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Octanoylation of early intermediates of mycobacterial methylglucose lipopolysaccharides.

Maranha A, Moynihan PJ, Miranda V, Correia Lourenço E, Nunes-Costa D, Fraga JS, José Barbosa Pereira P, Macedo-Ribeiro S, Ventura MR, Clarke AJ, Empadinhas N - Sci Rep (2015)

Bottom Line: In addition to the partial esterification of glucose or methylglucose units with short-chain fatty acids, octanoate was invariably detected on the MGLP reducing end.These observations raise important new questions about the MGLP reducing end architecture and about subsequent biosynthetic steps.Functional characterization of this unique octanoyltransferase, whose gene has been proposed to be essential for M. tuberculosis growth, adds new insights into a vital mycobacterial pathway, which may inspire new drug discovery strategies.

View Article: PubMed Central - PubMed

Affiliation: CNC - Center for Neuroscience and Cell Biology, University of Coimbra, 3004-517 Coimbra, Portugal.

ABSTRACT
Mycobacteria synthesize unique intracellular methylglucose lipopolysaccharides (MGLP) proposed to modulate fatty acid metabolism. In addition to the partial esterification of glucose or methylglucose units with short-chain fatty acids, octanoate was invariably detected on the MGLP reducing end. We have identified a novel sugar octanoyltransferase (OctT) that efficiently transfers octanoate to glucosylglycerate (GG) and diglucosylglycerate (DGG), the earliest intermediates in MGLP biosynthesis. Enzymatic studies, synthetic chemistry, NMR spectroscopy and mass spectrometry approaches suggest that, in contrast to the prevailing consensus, octanoate is not esterified to the primary hydroxyl group of glycerate but instead to the C6 OH of the second glucose in DGG. These observations raise important new questions about the MGLP reducing end architecture and about subsequent biosynthetic steps. Functional characterization of this unique octanoyltransferase, whose gene has been proposed to be essential for M. tuberculosis growth, adds new insights into a vital mycobacterial pathway, which may inspire new drug discovery strategies.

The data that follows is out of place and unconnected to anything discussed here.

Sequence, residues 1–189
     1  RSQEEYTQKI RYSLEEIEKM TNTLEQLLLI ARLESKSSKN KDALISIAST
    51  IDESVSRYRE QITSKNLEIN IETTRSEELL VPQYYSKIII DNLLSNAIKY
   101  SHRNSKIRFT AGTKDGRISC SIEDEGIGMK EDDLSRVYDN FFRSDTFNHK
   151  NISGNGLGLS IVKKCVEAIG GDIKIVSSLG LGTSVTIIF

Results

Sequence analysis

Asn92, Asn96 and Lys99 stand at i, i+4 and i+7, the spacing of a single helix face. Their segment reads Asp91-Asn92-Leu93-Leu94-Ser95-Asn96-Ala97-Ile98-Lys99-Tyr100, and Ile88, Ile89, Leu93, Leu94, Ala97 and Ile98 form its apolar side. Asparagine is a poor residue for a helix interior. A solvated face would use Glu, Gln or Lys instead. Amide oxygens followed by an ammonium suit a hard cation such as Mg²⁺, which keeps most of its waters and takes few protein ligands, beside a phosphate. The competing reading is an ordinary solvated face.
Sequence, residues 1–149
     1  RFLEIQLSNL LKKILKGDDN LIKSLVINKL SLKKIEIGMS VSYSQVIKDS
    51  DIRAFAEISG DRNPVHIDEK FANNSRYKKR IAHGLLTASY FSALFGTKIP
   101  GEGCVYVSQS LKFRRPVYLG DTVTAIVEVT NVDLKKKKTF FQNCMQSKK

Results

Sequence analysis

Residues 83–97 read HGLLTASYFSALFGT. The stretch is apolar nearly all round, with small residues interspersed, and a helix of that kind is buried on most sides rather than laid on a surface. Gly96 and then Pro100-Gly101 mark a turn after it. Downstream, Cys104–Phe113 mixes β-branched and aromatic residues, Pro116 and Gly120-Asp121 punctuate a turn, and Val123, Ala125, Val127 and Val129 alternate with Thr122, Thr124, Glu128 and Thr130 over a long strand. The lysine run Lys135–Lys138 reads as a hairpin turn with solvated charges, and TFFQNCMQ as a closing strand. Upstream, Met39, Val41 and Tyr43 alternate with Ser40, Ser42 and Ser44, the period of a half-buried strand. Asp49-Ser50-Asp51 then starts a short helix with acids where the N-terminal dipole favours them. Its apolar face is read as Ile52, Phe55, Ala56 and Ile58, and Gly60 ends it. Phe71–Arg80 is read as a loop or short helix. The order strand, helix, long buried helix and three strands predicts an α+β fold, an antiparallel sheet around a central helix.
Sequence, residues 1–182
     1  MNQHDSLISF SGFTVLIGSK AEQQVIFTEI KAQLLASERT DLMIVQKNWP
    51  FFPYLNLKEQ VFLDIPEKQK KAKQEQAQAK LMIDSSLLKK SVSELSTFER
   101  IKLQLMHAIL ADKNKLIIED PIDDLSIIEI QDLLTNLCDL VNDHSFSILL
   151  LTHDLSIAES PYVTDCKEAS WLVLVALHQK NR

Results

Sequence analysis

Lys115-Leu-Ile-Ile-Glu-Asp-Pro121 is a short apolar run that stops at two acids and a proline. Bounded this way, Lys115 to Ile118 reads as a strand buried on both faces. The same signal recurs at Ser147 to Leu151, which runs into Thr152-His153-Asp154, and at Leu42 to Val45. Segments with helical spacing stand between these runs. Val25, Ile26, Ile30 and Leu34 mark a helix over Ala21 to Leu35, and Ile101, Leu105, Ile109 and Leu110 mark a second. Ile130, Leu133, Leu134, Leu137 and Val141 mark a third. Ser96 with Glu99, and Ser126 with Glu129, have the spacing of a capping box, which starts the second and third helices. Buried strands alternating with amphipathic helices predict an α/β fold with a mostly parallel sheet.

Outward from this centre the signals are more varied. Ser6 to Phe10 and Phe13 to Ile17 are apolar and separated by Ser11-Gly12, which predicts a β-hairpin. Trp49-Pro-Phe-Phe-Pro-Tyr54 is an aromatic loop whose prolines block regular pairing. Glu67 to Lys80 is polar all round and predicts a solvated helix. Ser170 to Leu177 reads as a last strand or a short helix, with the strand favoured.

No MeSH data available.


Related in: MedlinePlus

Early steps of the proposed pathway for MGLP biosynthesis.Newly identified octanoyltransferase (OctT) is highlighted red. The dashed line indicates a hypothetical regulatory role of OctT. Experimentally validated functions are shaded blue. Open boxes represent unknown functions or those lacking biochemical confirmation. R groups (red) on the structure indicate acyl chains (acetate, propionate, isobutyrate or succinate) and methyl groups are in green. 3-PGA, d-3-phosphoglyceric acid. GpgS, glucosyl-3-phosphoglycerate synthase21; GpgP, glucosyl-3-phosphoglycerate phosphatase23; DggS, putative diglucosylglycerate synthase13 GgH, glucosylglycerate hydrolase (detected in rapidly-growing mycobacteria)24.